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Thoughts on the eclipse

This past Monday I witnessed, as expected, a total eclipse of the Sun.

I didn’t even have to travel—I watched from a chair on my front lawn.  The town I live in (Sylva, NC) was in the path of the totality.  The weather was perfect, and I was lucky enough to witness a literally once-in-a-lifetime event.

Here’s a picture taken by a friend and fellow physicist, Dr. Louis Keiner of Coastal Carolina University:

louis eclipse.jpg

So what did I learn?

  • The world around me wasn’t as dark as I expected. Turn’s out, there not much difference between normal sunshine and a 50%-covered sunshine.  Both are blindingly bright.  You couldn’t even really tell anything was changing until maybe 15 minutes before totality happened.  Eventually things did get darker, and it happened very fast.  Right at totality it looked like sundown, and sunrise. Simultaneously.  It was glowing purple in the east, and glowing purple in the west.

 

  • It was smaller than you’d think. Most people don’t realize how small the Sun and/or Moon look in the sky.  To get an idea, hold your hand at arm’s length.  Look at the fingernail on your pinky finger.  That’s how big the Sun and Moon are in the sky: they subtend that much angle, and only that much.  Don’t believe me?  Try it next full moon.  Movies and TV shows vastly exaggerate how big the Sun and Moon appear.

 

  • As totality approached, the light got strange.   Normally, at dusk, the light fades away into reds and oranges.  But not this time: the light diminished, getting dimmer and dimmer, but stayed a warm yellow.  If you didn’t know an eclipse was approaching you might think instead some weird weather event was about to happen.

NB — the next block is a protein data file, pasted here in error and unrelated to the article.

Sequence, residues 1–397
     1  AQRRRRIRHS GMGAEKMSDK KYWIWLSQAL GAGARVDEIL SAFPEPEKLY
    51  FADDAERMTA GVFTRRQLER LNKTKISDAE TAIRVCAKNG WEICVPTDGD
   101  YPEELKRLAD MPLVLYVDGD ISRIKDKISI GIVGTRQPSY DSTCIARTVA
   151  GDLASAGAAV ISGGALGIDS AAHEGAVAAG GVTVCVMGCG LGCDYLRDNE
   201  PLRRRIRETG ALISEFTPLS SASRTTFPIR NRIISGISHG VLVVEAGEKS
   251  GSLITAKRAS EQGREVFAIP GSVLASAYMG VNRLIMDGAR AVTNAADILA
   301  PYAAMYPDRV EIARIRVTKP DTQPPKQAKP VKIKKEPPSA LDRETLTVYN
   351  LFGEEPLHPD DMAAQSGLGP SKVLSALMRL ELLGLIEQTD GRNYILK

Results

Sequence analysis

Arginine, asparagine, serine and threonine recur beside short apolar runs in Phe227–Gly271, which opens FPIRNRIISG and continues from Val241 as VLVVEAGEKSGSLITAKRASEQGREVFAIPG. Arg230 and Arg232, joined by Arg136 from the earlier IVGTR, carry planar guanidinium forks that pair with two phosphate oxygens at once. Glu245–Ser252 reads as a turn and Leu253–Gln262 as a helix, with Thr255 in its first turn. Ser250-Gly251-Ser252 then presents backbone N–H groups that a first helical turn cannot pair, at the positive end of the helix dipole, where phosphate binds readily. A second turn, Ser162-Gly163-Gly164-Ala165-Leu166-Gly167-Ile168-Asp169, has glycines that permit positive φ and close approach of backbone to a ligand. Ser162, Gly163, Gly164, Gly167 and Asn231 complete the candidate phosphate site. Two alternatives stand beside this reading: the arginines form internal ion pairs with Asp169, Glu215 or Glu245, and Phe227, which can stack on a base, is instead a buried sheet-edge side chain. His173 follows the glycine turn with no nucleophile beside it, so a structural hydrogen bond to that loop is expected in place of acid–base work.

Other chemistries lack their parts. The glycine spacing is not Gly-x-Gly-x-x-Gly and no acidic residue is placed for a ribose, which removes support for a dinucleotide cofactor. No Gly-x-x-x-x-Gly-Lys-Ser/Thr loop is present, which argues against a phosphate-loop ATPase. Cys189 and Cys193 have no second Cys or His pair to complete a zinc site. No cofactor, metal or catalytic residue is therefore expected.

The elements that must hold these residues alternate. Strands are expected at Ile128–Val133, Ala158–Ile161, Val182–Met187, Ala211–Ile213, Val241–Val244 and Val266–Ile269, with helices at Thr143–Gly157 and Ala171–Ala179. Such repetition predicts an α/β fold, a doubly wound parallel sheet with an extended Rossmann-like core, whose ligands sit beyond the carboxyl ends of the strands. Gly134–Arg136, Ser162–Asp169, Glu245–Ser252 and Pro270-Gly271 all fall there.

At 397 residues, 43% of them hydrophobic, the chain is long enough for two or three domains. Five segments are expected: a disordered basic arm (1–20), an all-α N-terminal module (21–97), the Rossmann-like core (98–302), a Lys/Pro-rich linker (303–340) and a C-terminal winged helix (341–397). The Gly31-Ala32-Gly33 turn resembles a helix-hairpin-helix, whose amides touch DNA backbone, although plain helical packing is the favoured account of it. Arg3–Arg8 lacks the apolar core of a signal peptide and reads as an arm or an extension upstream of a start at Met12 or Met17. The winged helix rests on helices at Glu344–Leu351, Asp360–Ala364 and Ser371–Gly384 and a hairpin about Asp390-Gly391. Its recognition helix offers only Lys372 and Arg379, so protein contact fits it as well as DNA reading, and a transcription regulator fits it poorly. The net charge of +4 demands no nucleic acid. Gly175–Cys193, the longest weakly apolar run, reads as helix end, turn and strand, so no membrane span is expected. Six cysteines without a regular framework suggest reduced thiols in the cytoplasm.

• The totality was weird. It looked like a portal to Mordor had opened up, a gate to Hell, an angry black hole in the sky, a dimensional rift into another plane.  Imagine a perfectly round black hole of nothingness surrounded by tendrils of electric blue-white flames.  It didn’t look real.  It looked like fake CGI in the sky.  It looked exactly like Dr. Keiner’s picture, above.

 

  • I didn’t feel anything but awe. I didn’t feel connected to the universe, or to science, or to humanity, or to history.  The only emotion I felt was holy fucking shit.

 

  • The hype was worth it. It was incredible.  If you ever have a chance to see a total solar eclipse, jump at the opportunity.  You won’t be disappointed.  Unless, of course, it rains, which happened to some people I know.  Oops.  I guess, if it rains, there’s always this:

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(Lyrics by Pink Floyd, centered and in italics)

On the day of the eclipse, I will see the dark side of the moon.  And it won’t look like anything at all.

Of course there is no “dark side” of the moon, not really.  The moon is in synchronous rotation with the Earth; the same side of the moon is always facing the Earth, no matter where the sun is.  There is no “light side” or “dark side” since all of the moon gets sunlight equally over the course of its orbit.

There is only a side we can see, and a side we cannot see.